Like most things you are very blind to things around you, until you find yourself in that particular situation. For example I never really noticed pregnant women until I became pregnant. What I mean is I noticed they were pregnant, but it was only when I was pregnant that I actually really noticed the way they walked, the way they affectionately looked down and rubbed their tummies and the way they just seemed very happy. That was because I was pregnant and could relate to them and the way they were feeling. I guess it was also because being pregnant was so exciting and that was practically all I found myself thinking about and dreaming about.
Similarly I noticed children that were disabled that passed me in the street, as I would notice the obvious, such as a wheelchair. Now I find myself in the situation where my own daughter is disabled, I notice different things that are not so obvious. If people pass Isabella sitting in her buggy they probably wouldn’t notice her disability straight away. I now see other children that may or may not be in a wheelchair and notice their similarities with Isabella. Don’t get me wrong however, I certainly don’t stare. I am just more tuned in and I wonder what is wrong with them. Do they have a diagnosis or are they another one of the thousands of SWANS in the UK and around the world. Do they have a good support network? Do they encounter the same problems with the system that we encounter? Are they happy? Do they get bullied? How do their parents cope? All these questions fly through my mind in the split second it takes for them to pass me by; because like when I was pregnant, Isabella and her special needs and undiagnosed condition are always at the forefront of my mind.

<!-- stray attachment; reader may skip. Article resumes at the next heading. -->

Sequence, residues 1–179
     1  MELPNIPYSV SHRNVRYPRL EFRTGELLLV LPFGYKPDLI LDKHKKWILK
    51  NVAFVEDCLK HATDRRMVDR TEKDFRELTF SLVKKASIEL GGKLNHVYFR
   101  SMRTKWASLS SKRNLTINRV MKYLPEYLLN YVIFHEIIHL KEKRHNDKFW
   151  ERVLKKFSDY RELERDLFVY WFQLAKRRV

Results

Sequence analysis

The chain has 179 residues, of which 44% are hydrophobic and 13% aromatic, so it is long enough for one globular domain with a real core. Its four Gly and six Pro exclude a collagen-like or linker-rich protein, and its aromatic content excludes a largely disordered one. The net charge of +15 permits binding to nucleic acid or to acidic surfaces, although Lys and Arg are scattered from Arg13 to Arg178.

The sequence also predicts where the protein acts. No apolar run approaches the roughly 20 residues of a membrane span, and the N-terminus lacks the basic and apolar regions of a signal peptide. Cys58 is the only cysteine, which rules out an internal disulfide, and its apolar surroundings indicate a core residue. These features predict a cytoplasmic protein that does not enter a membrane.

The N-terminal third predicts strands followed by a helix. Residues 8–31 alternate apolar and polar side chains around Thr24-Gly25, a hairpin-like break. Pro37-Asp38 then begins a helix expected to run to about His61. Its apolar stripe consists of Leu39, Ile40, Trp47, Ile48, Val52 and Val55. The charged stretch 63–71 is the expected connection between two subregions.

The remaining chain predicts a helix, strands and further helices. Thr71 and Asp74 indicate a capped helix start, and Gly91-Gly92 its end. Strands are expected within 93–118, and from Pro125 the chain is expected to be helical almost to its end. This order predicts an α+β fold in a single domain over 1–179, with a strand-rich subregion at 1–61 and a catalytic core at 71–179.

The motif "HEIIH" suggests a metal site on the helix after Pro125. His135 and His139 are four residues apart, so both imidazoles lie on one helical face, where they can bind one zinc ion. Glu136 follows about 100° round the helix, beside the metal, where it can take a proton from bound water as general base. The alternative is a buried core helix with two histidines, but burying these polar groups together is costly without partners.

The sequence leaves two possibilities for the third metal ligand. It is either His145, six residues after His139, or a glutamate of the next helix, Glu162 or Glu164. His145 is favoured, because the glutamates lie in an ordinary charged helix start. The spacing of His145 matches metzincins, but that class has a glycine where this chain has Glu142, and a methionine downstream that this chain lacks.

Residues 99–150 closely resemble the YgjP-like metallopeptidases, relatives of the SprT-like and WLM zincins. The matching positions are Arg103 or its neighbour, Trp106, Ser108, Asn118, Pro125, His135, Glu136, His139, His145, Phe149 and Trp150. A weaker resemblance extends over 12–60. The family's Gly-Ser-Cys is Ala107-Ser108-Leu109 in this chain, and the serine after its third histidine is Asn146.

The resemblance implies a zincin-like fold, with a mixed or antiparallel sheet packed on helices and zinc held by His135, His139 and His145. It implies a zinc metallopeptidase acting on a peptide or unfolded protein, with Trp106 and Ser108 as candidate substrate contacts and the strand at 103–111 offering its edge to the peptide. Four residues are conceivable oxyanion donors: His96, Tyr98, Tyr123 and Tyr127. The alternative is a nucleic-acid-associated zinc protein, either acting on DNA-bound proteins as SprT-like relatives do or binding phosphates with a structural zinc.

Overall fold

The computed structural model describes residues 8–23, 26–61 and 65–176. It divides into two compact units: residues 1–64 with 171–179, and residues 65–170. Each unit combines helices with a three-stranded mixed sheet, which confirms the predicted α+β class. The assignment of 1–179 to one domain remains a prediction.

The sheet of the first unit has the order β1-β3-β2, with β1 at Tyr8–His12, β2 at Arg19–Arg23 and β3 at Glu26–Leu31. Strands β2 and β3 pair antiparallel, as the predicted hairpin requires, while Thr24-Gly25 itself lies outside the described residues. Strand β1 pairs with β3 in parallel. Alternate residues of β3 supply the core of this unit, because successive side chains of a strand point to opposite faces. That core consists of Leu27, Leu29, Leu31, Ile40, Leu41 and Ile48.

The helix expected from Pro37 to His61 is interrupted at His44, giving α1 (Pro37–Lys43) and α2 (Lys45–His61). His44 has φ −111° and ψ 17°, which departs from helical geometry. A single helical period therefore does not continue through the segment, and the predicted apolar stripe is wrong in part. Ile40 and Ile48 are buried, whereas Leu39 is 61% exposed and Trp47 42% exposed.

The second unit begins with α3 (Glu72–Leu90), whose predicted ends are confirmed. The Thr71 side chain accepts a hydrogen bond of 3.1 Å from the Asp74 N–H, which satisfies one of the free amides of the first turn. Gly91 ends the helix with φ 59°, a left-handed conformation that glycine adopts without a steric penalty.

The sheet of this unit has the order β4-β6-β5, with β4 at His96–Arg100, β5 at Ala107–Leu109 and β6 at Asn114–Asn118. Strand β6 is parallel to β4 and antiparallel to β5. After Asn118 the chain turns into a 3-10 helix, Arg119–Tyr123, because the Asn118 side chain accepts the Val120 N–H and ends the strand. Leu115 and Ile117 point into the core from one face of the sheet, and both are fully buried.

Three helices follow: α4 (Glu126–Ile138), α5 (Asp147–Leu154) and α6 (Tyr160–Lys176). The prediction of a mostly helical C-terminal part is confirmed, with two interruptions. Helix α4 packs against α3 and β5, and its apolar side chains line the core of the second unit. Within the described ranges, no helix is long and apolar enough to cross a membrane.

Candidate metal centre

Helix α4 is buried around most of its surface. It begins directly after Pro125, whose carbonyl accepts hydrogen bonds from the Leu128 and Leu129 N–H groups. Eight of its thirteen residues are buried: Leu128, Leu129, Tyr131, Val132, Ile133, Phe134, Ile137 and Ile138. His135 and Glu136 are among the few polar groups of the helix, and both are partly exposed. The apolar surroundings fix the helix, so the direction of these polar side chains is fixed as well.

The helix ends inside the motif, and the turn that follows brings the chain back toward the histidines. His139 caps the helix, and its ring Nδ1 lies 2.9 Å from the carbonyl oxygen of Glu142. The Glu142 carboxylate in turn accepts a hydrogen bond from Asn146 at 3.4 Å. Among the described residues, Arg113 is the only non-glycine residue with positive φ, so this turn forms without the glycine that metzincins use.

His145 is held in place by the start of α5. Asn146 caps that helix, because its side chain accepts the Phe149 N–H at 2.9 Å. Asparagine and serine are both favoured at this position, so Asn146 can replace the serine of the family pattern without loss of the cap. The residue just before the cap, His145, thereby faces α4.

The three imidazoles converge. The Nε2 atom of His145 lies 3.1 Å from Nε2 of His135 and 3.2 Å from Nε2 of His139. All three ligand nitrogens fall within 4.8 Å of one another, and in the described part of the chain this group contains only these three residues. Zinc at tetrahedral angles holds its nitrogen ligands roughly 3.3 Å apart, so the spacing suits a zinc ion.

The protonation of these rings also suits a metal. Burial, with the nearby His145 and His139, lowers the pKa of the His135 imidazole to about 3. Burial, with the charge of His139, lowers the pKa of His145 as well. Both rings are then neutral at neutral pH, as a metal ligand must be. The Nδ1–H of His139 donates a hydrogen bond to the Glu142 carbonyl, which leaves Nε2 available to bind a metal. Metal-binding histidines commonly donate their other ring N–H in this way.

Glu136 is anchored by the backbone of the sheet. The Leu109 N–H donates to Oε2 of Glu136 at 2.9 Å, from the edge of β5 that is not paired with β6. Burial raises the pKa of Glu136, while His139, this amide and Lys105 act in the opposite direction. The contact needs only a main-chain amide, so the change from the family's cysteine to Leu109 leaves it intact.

I suppose it is kind of like an obsession. I find myself on the internet reading articles on disabilities, conditions and research studies. I want to know as much as I possibly can. I take out books from the library, both factual and biographies. If I come across a word or condition I haven’t heard of I will google and read up on it until I understand it. I have a thirst for knowledge. I would imagine any family that has a child with a disability is the same and in particular families with a child with an undiagnosed condition more so, as they are always looking for answers.
Although I knew people with disabilities had it difficult, I never knew just how difficult, until it became apparent Isabella had a disability. Just watching Isabella struggle with the simplest of things makes me realise how you can take things for granted and how it all comes so easy for people without disabilities. Just picking up a cup or picking up a spoon to eat my food are effortless tasks and don’t require any conscious thought. Isabella on the other hand cannot hold a cup or pick up a spoon, as her fingers will only close for a few seconds before they open up again and she drops the object.
I can stand up and sit down. I can walk and I can run. My body has these processes nailed down and the steps taken are so quick the movement is fluid. For Isabella her physical development is a slow process where everything is taken step by step. Just practising to sit requires lots of effort and help from me. Isabella needs helping bending her knees and keeping her legs on the ground, she needs help holding her trunk and help with her arms and then she will only sit for a few seconds before she flops forward or flops backward. I can see the determination in her eyes and hear the frustration in her voice, but she will give it her all before she becomes tired.
Isabella may struggle with the things that we find simple in life, but given everything that she has to battle against and despite all of her problems she is always smiling something that we could all learn to do a little more….